We Blogged It!
Lat/Long: 08.17N 050.45W
Air Temp: 28.2C 82.76F
Surface Temp: 29.31C 84.76F
We’re now past the halfway point of our journey and work continues ‘round the clock.
There are some underway samples being collected as we transit between stations. The “underway” is collecting information on pigment types of phytoplankton communities, suspended particle samples, nutrient concentrations, and measures Carbon, Nitrogen and Carbon and Nitrogen stable isotopes.Added to that are the usual CTD casts, plankton net tows and sediment cores and traps, and the hours of filtering, processing, and running experiments.
But in spite of this 24 hour schedule we‘ve managed to carve out some time for fun. So ....how about a water balloon fight on the fantail! The winner of this water battle?- depends on who you ask! It didn’t last long but brought a welcome change to the day!
Wondering where I was? Two of us were smart enough to walk out with cameras declaring journalistic immunity!
But back to the business of science. At the start of the cruise an ARGO float was deployed in the plume waters. The float was programmed to move up and down (to 1000m) in the plume waters to provide us with near-real time vertical profiles of Salinity, Temperature and Oxygen. A special set of sensors are incorporated into the float that provide us with measurements of fluorescence (a index of phytoplankton biomass) and of particle backscattering. The data sets from the float will aid us in understanding the evolution of plume phytoplankton communities and their fate of plume following active growth and demise.
The ARGO float is one part of the work being conducted by Dr. Joaquim Goes from the Bigelow Lab in Boothbay Harbor, Maine. Dr. Goes’ team includes Research Scientist Dr. Helga Gomes (Bigelow Lab), and student Courtney Beaulieu (Colby College,Waterville, ME).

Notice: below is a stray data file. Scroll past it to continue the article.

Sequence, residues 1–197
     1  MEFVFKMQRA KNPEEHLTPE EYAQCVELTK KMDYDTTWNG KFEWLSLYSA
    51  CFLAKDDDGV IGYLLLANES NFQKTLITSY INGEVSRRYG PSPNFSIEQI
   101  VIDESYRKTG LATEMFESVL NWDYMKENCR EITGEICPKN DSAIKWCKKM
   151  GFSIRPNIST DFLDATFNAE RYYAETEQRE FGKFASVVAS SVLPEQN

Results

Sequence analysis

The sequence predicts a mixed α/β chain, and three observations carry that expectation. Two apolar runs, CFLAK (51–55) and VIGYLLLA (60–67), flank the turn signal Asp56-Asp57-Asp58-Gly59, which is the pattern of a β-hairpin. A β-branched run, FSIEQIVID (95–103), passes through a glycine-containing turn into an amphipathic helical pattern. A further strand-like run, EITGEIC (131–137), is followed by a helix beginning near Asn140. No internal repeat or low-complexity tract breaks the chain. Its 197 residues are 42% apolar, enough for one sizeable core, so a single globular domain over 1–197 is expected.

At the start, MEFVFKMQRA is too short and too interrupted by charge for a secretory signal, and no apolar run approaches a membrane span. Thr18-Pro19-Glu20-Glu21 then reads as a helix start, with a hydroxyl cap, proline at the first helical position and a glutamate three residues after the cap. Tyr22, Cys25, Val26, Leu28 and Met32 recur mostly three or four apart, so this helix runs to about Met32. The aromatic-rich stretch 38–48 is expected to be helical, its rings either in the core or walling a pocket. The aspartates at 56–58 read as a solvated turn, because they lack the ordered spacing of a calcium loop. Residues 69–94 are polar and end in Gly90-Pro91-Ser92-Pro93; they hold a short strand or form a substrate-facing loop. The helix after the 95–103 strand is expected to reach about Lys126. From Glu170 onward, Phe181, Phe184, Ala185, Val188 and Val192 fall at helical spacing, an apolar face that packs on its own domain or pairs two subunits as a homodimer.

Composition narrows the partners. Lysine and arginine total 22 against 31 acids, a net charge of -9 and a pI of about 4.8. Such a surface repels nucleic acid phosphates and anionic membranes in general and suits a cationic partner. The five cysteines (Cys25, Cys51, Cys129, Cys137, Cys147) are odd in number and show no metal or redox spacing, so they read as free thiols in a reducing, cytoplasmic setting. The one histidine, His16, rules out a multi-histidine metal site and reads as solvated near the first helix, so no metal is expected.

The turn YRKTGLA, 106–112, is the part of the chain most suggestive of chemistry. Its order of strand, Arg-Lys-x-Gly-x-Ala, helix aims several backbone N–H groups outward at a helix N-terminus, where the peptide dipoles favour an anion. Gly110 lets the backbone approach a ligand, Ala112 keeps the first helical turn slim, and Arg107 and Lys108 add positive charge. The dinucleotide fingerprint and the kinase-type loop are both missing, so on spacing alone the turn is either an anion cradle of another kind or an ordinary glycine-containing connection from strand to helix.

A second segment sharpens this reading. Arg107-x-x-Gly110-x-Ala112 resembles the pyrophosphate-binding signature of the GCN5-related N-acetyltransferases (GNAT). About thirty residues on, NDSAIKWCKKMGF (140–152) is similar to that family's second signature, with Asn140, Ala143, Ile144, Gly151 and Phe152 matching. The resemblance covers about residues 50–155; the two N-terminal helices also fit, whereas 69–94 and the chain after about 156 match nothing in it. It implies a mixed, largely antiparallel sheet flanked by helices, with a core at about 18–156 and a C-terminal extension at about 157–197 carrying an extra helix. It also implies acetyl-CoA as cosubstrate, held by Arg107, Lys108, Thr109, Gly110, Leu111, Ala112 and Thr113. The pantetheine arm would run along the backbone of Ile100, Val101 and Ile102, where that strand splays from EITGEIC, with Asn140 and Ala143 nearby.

The focus of their research is to understand how the Amazon River plume influences sunlight penetrating into the water. This is important since phytoplankton in seawater depend on solar radiation as their energy source for photosynthesis and growth.
Dr. Goes explains: “The outflow of freshwater from the Amazon River is the largest of all the world’s rivers. Every second, the Amazon river empties around 120,000 cubic meters of freshwater into the western Atlantic Ocean, a rate that is roughly seven times higher than that of the Mississippi. Because the Amazon River flows through the world’s biggest and most densely forested river basins, it carries with it massive amounts of sediments, nutrients as well as particulate and dissolved organic material which together impart a unique color to the freshwater being discharged, making it visible from space as a greenish-brown plume stretching several thousands of miles in the western north Atlantic Ocean.”
All of these river components (light, nutrients, dissolved organic matter, salinity, temperature, etc) change as water moves along the river continuum and the water mixes with the ocean. These changes then have a profound influence on the composition and magnitude of phytoplankton communities within and outside of the plume.
Over the course of the cruise they are deploying several optical instruments to map the underwater light field within and outside the plume. A favorite of the crew is the “FRRF” (pronounced “ferf”). This underwater profiling Fast Repitition Rate Fluorometer, along with laboratory based “photosynthetrons” and spectrophotometers, will be used to investigate how actively the phytoplankton can respond to light. How “ready” are they to grab any light that comes by.
With the help of an underway Advanced Laser Fluorometer (ALF), they are also monitoring the diversity, size and structure of phytoplankton communities by measuring the presence of certain phytoplankton pigments. This will help us to understand how to interpret the ocean color that satellites see from space.
As I post this blog, we are rocking and rolling as we sail straight into the Northeast trade winds. The ship lurches as we meet the waves head on. It’s a bumpy ride tonight!!!
Question of the Day
- Do the bacteria in the water make us sick?
Only a few of them. Bacteria are in every habitat on Earth, growing in soil, hot springs, radioactive waste, water, as well as in organic matter and the live bodies of plants and animals. Bacteria recycle nutrients, with many steps in nutrient cycles depending on these organisms, such as nitrogen fixation.